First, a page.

geoduck


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geoduck

(go͞o`ēdŭk'), common name of a Pacific clamclam,
common name for certain bivalve mollusks, especially for marine species that live buried in mud or sand and have valves (the two pieces of the shell) of equal size.
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, Panope generosa. The largest intertidal burrowing bivalvebivalve,
aquatic mollusk of the class Pelecypoda ("hatchet-foot") or Bivalvia, with a laterally compressed body and a shell consisting of two valves, or movable pieces, hinged by an elastic ligament.
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 in the world, the geoduck may weigh up to 12 lb (5.4 kg). The shell is thin, lacks teeth, and may attain a length of 8 in. (20 cm). The valves, or two parts of the shell, are always open in the adult, because the body and siphons are too large to be retracted. Geoducks are found from British Columbia to S California, with the largest population in Puget Sound. They inhabit mud flats, burrowing to a depth of 3 or 4 ft (90–120 cm), where they live in semipermanent burrows. Although they are edible, they are not widely marketed due to their inaccessibility: They are exposed for only a few hours a month during minus tides, at which time they can be obtained with a shovel. Digging geoducks is considered a sport in Washington, where there is a limit of three per day. Geoducks are classified in the phylum MolluscaMollusca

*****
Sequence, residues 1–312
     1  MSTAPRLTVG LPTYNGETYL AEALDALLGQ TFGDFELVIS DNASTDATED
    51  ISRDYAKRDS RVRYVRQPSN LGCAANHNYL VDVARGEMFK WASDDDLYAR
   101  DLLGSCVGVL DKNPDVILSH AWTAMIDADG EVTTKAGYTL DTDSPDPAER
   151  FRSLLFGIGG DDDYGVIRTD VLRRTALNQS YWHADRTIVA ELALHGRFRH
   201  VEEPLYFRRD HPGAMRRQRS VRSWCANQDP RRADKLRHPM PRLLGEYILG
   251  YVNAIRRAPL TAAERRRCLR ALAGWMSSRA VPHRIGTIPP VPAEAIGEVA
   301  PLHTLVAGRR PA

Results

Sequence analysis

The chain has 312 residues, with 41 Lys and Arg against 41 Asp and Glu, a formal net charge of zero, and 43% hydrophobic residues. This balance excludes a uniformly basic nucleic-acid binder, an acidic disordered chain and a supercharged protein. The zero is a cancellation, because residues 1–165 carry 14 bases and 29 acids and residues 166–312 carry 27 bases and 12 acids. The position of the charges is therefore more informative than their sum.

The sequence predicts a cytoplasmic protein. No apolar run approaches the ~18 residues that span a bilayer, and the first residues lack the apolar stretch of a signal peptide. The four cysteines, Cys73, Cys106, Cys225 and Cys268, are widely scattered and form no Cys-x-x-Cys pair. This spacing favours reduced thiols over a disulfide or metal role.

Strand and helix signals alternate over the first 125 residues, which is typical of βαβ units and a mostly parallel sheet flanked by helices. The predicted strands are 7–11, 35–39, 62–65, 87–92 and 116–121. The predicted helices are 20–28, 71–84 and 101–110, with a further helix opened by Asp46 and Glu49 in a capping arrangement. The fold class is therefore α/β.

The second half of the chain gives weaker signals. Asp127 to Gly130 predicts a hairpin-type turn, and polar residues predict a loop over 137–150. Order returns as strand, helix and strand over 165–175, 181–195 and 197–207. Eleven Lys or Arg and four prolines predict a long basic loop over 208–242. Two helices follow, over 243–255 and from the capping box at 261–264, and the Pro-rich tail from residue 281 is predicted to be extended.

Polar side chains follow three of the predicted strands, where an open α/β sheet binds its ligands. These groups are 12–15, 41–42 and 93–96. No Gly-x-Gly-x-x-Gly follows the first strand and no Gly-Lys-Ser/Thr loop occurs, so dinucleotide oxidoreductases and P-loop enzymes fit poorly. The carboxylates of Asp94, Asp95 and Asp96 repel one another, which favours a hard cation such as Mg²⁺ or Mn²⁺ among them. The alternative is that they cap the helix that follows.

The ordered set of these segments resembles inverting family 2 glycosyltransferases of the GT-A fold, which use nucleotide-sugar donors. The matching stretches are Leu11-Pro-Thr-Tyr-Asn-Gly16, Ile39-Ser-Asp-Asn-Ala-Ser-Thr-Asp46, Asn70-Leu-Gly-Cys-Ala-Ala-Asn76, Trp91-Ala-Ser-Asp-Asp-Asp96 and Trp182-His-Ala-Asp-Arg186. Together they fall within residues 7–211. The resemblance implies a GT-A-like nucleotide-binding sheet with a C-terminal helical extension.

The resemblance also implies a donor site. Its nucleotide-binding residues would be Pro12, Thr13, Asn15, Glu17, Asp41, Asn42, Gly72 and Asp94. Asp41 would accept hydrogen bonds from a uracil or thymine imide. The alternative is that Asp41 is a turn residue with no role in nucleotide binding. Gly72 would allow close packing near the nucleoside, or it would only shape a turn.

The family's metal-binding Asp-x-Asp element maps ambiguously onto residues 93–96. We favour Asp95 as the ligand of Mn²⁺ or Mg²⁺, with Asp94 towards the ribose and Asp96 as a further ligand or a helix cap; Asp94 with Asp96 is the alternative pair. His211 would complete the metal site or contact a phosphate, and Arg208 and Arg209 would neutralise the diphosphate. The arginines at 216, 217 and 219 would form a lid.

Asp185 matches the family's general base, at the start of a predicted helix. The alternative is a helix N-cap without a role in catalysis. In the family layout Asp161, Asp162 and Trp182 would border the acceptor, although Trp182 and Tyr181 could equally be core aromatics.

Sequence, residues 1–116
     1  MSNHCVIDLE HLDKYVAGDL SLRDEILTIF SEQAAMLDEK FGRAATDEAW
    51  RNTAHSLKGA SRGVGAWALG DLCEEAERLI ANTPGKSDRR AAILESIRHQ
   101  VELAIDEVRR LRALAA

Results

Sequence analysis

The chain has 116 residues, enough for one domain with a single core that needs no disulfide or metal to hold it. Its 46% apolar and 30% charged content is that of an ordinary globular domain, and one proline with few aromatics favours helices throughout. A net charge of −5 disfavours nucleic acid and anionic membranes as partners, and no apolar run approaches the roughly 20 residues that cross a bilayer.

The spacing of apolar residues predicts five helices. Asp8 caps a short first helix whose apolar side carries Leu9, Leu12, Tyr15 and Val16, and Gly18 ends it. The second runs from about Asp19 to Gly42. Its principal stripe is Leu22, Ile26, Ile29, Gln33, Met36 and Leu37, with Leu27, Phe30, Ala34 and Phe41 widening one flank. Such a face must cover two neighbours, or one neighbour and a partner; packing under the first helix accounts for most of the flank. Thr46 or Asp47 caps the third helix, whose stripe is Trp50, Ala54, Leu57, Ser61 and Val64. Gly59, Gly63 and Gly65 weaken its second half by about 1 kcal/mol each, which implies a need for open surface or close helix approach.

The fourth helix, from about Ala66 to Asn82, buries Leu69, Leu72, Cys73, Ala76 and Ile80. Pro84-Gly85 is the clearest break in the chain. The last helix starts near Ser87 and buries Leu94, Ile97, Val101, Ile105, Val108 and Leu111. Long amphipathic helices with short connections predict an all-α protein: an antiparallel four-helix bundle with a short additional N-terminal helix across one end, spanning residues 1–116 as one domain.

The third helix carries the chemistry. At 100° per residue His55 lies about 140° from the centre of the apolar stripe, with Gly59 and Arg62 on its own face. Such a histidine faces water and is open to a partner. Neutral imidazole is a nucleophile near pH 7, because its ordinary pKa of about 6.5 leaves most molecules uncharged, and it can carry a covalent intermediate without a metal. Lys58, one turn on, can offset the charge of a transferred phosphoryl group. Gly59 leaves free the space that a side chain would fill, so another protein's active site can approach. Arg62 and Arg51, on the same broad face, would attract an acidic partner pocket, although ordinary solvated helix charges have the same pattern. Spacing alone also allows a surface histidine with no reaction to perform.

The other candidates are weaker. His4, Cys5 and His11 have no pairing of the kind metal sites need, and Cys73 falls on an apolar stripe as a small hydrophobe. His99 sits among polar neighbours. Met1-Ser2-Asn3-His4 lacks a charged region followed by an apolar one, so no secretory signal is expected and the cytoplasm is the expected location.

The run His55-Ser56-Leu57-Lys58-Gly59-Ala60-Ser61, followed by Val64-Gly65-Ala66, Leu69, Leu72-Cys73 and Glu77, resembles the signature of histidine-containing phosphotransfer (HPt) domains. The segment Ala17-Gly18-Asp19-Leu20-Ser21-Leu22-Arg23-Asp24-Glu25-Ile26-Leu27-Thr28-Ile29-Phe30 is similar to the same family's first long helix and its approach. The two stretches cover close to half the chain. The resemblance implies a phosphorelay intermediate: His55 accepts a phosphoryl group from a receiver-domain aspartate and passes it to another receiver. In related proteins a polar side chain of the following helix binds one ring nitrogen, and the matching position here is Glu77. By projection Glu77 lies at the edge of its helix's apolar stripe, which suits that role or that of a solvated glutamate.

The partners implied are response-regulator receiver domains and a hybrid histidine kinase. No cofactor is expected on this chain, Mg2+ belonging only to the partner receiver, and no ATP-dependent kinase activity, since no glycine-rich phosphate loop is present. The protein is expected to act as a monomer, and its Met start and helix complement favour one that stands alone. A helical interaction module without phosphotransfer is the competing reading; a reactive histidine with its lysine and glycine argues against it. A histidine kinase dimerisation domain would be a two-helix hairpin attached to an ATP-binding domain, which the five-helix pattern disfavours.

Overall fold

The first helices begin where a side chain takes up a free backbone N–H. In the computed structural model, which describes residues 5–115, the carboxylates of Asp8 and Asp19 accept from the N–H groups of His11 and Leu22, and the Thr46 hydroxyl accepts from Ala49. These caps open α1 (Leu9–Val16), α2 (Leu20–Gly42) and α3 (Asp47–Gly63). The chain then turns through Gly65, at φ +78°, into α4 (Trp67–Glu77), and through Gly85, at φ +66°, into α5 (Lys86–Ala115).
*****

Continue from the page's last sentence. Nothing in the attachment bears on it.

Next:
, taxonomic name for the one of the largest phyla of invertebrate animals (Arthropoda is the largest) comprising more than 50,000 living mollusk species and about 35,000 fossil species dating back to the Cambrian period.
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, class Pelecypoda or Bivalvia, order Eulamellibranchia, family Saxicavidae.
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References in periodicals archive ?
Images were used to visualize three anatomical features in geoduck valves: the umbo, the anteroventral adductor muscle scar, and the posteroventral pallial sinus scar (Fig.
Reproductive pattern of southern geoduck, Panopea abbreviata, at El Sotano (San Matias Gulf, Patagonia, Argentina).
It is noteworthy that allowable fishing mortality rates <10% of the stock are more similar to the mortality rates of the longest-lived bivalves, such as geoducks and ocean quahogs (e.g., Bradbury and Tagart, 2000; NEFSC (2)), than other species with life spans of the same order as the oyster, emphasizing the fact that oysters in the Mid-Atlantic region are much more akin in their population dynamics to long-lived k-selected species than to short lived r-selected ones.
Trapped in poverty and given the incentives of the market, in 1999 members of the Skokomish Indian Tribe were caught secretly dumping nearly seventy thousand pounds of lower-grade geoduck clams so the shellfish would not count against their state-enforced quotas (Associated Press 2000).
Smoked salmon, anchovies, skate, snapper, codfish, pompano, black bass, caviar, monkfish, oysters, tuna, fluke, geoduck clam, cuttlefish, lobster, shrimp, shellfish, and halibut are all on the same menu?
A "Geoduck" is not a new, amphibious family car but a large, edible clam, and the word is pronounced "gooey-duck."
Advertised specials could include anything from live geoduck to Charmin toilet paper.
The wild harvest of the subtropical geoduck Panopea globosa (Dall, 1898) in Mexico has increased in recent years, as both national and international demands for this species have grown.